Toby Young’s resignation does not change the fundamental problems with the Office for Students, writes Robbie Young
If there is one thing that reaffirms any speculation about how weak Theresa May is, you only have to look at the fact the Toby Young resigned instead of being fired.
It is hard to imagine what it would take to be considered unsuitable for public office by the prime minister, given revelations that Young has given backing to so-called ‘progressive eugenics’. But with public declarations of support from senior cabinet minister such as Boris Johnson and Michael Gove, it is clear the rot goes deep in this government.
We should not be surprised, then, that Young’s appointment was just the tip of the iceberg. When we only focus on Young we fail to look at the wider picture and the bigger problems with the new Office for Students and its appointments.
The board as it stands is not representative of the higher education sector, with only one vice-chancellor, one student, and not a single place for academics or other staff. This does little to win the confidence of the sector, or the students in whose interests the body purports to operate.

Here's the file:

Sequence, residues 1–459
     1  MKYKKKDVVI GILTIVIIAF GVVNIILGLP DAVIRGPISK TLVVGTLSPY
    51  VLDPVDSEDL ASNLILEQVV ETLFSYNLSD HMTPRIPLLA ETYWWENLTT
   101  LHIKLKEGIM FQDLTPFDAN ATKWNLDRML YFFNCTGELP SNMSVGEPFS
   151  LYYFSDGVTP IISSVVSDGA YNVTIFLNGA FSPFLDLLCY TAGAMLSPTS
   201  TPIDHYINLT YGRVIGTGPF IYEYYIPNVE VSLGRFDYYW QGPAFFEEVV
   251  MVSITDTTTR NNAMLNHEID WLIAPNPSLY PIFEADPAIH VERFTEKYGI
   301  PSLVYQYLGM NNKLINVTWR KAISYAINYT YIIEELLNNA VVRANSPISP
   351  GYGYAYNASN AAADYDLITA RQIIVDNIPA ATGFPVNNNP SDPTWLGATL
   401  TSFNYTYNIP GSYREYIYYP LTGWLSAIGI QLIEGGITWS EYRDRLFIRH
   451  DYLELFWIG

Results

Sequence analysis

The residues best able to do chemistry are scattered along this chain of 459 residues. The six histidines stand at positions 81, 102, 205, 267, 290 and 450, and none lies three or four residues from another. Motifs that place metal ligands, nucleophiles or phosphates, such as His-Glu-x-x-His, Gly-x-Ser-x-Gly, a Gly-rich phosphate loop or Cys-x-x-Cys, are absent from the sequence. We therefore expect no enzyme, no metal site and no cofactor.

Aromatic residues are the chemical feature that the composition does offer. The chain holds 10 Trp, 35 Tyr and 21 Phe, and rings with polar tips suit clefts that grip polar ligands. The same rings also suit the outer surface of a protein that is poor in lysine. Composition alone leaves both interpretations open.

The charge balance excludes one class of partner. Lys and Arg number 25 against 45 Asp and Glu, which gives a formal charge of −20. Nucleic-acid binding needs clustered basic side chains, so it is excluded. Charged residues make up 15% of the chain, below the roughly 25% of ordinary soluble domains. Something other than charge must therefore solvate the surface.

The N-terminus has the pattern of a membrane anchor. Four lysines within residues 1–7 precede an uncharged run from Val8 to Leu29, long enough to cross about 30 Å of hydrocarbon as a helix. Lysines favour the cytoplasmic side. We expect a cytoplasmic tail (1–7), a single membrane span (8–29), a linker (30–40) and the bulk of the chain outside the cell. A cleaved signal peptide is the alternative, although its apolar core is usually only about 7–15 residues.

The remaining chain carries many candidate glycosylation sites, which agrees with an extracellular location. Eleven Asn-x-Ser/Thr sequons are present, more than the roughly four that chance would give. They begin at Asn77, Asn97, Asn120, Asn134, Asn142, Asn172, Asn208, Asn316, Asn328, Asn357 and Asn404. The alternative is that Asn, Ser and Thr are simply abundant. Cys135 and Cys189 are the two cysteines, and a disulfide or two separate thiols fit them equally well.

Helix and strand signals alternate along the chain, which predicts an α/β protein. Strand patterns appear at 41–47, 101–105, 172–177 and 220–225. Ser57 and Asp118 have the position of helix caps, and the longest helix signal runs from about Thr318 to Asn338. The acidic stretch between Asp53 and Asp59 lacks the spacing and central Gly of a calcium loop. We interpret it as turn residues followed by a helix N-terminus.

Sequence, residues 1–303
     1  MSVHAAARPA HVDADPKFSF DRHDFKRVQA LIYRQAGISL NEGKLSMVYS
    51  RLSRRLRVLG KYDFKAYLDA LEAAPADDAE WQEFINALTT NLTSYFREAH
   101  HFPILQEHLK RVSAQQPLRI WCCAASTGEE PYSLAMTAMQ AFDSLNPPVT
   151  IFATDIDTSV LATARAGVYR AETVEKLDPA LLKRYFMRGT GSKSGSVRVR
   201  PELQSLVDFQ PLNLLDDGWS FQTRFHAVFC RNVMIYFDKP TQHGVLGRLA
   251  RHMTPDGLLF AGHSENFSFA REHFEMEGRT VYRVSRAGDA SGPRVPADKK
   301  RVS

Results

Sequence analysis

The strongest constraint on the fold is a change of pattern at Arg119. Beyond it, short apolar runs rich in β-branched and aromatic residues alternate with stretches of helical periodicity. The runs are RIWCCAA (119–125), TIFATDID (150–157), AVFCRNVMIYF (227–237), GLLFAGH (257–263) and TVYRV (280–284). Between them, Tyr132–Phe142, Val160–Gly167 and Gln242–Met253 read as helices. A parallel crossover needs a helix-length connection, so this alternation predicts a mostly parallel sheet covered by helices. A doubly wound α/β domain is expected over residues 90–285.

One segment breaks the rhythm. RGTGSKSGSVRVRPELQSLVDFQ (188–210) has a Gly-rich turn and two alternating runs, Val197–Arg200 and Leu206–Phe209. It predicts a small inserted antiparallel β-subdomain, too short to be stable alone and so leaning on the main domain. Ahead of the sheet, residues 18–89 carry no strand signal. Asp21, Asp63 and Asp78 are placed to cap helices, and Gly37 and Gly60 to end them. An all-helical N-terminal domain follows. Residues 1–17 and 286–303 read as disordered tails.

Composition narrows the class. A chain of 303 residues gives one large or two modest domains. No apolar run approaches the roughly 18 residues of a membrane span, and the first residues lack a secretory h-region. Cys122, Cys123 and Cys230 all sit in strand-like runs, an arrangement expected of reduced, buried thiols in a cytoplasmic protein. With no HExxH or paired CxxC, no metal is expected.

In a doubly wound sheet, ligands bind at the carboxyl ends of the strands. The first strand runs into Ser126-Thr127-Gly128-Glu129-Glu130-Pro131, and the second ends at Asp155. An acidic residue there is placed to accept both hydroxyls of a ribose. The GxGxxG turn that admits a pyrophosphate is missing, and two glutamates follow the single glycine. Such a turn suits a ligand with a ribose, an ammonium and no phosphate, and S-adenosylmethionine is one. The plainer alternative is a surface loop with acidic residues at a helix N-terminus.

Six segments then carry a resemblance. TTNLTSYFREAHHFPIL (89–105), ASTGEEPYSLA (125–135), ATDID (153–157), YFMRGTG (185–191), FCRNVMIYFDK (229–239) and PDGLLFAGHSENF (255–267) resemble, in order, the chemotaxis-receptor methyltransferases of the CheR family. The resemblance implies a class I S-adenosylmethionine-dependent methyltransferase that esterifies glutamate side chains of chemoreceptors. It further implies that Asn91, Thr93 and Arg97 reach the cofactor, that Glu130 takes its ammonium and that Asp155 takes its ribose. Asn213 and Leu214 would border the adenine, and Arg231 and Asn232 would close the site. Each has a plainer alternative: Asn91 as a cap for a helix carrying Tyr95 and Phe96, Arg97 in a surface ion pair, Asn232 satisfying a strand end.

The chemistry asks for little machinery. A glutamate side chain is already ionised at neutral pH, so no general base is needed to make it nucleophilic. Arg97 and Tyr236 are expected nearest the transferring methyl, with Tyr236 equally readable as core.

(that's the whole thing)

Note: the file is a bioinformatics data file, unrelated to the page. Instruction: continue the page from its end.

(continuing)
Only this week, a parliamentary answer from the new minister for universities, Sam Gyimah, revealed that despite interviewing three candidates for the student representative place on the Office for Students board, the government overturned any due process and rejected all the candidates they interviewed. Instead, they appointed a student for one year directly from the student panel, dismissing a national recruitment campaign and a rigorous interview process that ended with three student board members.
Given the long parliamentary debate that even led to parliament mandating the government to recruit an independent student representative for the board, much to the former universities’ minister’s protests, there is much to be angry about.
This whole debacle suggests that the Office for Students will be ill-equipped to tackle the problems facing students and our sector, with the chaos of these appointments only throwing a spotlight on the state of this government’s approach to higher education. There has been little recognition of the real challenges facing students, such as student poverty and barriers to access, and it is unclear how the new regulatory body is placed to tackle them. Instead, its composition reflects a government obsession with introducing greater competition and further marketisation of our world-leading university sector.
Hopefully, the Office for Students will use this opportunity to reflect on its purpose and what it should mean for the millions of students across the country.
Robbie Young is vice president (society and citizenship) of the National Union of Students. He tweets at @Robbiie__
Photo: Creative Commons